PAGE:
by Aisha Bowen
Following the infamous “What the Health” Documentary, healthy eating has become a popular movement across the United States. Individuals from all backgrounds are becoming more conscious about their diet and its affects on their overall health. This movement is especially important for African Americans, as they have some of the highest rates of heart disease, obesity, high cholesterol, and diabetes in the country (diabetes.org). Today’s Monday Morning MSI Line Up highlights 7 Historically Black Colleges and Universities with health and wellness programs to help combat health issues in African American communities.
1) Spelman College (HBCU)—Atlanta, GA
Spelman College was recently featured in the New York Times for their groundbreaking Wellness Center opening. The Wellness Center is an initiative started by President Tatum and her leadership team to “improve and enhance personal and community health by embracing wellness through mind body and spirit” (spelman.edu). The Wellness Center offers aquatics, exercise classes, meditation courses, sound therapy, yoga, and a plethora of other services. To learn more about Spelman College’s innovative approach to improving health and wellness on their campus, click here.
2) Morgan State University (HBCU)—Baltimore, MD
Morgan State University’s wellness program entitled Morgan Mile was created to engage Baltimore communities within one mile of Morgan State. One of the program’s main goals is to improve the health of community members.
3) Fayetteville State University (HBCU)—Fayetteville, NC
Fayetteville State University’s Bronco Wellness, or B-Well, program was created to promote healthy lifestyle practices and improve personal health and wellness amongst the FSU community. B-Well’s initiatives focuses on 8 tiers of “wellness” including: physical, emotional, financial, occupational, spiritual, intellectual, environmental, and and social wellness. To learn more about specific B-Well programming, click here.
4) Tennessee State University (HBCU)—Nashville, TN
Tennessee State University created a health empowerment summer camp for young people in the greater Nashville community. Youth Active and Media Savy (YAMS) is a 2-week long summer program with the purpose of developing young people’s skills in the following areas: “critical thinking, healthful decision making, healthy meal and snack preparation, and physical activities” (tnstate.edu). YAM’s goal is to “equip African American youth with the knowledge and awareness to make better health and wellness choices” (tnstate.edu).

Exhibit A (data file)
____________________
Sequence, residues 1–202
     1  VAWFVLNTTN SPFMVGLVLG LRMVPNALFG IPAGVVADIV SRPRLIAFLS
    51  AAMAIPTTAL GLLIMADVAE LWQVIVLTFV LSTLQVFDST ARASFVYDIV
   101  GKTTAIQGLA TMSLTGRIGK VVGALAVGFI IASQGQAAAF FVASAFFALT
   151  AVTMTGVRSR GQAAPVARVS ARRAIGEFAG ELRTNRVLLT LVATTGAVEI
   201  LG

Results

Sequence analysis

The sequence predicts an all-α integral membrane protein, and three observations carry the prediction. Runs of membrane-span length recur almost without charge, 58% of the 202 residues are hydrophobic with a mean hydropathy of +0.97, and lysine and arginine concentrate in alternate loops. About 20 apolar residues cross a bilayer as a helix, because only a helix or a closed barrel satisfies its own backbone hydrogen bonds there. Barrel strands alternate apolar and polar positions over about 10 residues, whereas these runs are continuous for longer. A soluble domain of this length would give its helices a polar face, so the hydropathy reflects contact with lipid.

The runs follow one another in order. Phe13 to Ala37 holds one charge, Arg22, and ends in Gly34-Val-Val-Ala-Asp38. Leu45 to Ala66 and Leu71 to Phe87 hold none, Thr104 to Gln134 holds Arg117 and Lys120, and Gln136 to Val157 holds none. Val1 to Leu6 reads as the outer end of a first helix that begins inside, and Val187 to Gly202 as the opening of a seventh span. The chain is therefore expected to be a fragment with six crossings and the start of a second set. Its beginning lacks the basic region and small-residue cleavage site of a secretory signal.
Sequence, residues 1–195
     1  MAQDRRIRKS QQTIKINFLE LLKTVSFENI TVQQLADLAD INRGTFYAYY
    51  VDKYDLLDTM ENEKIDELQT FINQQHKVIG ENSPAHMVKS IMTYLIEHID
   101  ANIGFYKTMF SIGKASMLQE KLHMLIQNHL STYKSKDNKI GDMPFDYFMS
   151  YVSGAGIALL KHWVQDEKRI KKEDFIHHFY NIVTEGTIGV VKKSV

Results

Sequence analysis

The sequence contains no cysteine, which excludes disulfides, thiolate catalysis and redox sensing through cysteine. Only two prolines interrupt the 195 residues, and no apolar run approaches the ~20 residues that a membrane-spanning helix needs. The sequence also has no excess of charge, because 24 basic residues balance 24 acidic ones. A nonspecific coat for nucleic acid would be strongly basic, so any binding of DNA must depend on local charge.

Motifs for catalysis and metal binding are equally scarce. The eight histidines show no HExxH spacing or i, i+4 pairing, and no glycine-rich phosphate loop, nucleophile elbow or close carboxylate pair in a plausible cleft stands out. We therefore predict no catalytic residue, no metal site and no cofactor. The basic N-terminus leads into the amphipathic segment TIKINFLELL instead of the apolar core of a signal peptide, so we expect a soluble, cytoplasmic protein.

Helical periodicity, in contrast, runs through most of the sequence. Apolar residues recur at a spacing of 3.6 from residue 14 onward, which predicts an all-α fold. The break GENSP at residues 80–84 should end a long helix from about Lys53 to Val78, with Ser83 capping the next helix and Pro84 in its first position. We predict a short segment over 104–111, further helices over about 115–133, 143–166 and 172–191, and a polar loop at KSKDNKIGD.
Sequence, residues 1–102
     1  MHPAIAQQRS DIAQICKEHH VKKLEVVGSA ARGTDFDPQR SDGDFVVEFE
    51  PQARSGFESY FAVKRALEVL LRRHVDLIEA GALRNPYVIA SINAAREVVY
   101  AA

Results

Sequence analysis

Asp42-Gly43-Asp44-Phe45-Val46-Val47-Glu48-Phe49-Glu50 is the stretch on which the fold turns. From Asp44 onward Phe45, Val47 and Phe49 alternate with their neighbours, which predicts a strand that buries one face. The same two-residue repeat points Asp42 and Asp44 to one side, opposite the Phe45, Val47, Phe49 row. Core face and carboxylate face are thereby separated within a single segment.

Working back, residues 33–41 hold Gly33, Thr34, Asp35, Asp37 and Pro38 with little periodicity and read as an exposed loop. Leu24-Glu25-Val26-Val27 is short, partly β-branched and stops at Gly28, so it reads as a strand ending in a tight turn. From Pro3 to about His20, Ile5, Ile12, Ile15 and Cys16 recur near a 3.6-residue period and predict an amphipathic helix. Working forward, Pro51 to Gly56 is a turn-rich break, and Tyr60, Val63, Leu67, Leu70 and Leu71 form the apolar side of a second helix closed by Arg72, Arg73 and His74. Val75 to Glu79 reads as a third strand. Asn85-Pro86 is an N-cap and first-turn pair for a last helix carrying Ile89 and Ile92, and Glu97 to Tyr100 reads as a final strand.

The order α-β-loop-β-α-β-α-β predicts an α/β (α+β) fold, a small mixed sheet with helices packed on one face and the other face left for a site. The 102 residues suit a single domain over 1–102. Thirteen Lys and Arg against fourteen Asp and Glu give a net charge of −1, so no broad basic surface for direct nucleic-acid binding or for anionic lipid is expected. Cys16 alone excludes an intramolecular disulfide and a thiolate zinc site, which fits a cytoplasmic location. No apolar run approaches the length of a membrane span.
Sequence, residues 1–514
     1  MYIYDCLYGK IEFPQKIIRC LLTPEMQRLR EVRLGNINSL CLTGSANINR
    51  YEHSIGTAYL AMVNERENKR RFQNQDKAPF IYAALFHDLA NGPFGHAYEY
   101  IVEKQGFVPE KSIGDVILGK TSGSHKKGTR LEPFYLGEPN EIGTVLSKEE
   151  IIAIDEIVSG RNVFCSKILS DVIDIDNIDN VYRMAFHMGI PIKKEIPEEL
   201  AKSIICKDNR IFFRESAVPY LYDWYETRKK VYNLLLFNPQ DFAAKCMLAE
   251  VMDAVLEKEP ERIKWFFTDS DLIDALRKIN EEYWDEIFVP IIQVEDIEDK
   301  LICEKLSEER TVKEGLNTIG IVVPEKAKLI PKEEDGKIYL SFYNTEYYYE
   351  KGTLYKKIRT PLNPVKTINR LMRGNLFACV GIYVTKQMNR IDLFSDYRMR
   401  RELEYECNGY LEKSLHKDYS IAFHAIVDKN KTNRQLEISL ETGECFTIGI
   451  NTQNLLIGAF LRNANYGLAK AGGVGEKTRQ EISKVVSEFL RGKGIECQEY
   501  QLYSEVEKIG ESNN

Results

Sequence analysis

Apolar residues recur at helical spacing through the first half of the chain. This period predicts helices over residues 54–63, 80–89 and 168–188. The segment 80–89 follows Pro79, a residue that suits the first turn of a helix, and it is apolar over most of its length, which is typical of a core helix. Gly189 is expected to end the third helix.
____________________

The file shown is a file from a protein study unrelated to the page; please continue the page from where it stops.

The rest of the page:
5) Fort Valley State University (HBCU)—Fort Valley, GA
Fort Valley State University’s College of Agriculture, Family Science, and Technology promotes health and wellness through their “Life on the Farm” mobile exhibition. This mobile exhibit travels around Georgia educating youth throughout the state about where food originates, best farming practices, and agricultural related careers. Students not only learn about healthy ways to grow and purchase food, but also learn humane treatment of animals. To learn about the great work of “Life on the Farm” and to support their efforts, click here.
6) Tuskegee University (HBCU)—Tuskegee, AL
Tuskegee University offers a superb community program entitled “The Expanded Foods and Nutrition Education Program (EFNEP)” tuskegee.edu with support for both youth and adults. The adult program in particular teaches adults skills in “food production, preparation, storage, safety, and sanitation, as well as how to manage food budgets and related resources from local food assistance agencies and organizations better” (tuskegee.edu).
7) University of the District of Columbia (HBCU)—Washington, D.C.
The University of the District of Columbia’s created a dynamic university wide health and wellness initiative called Get Up and Move! The program is a collaborative partnership between multiple campus offices including UDC Athletics, UDC Counseling Centers, Center for Nutrition Diet and Health, UDC’s Wellness Center, and many more. Get Up and Move’s activities include (but are not limited to) “physical activity, disease prevention workshops, health promotion programs and learning about healthy lifestyles in a fun, interactive way” (udc.edu). Click here to learn more about Get Up and Move’s resources for the university community.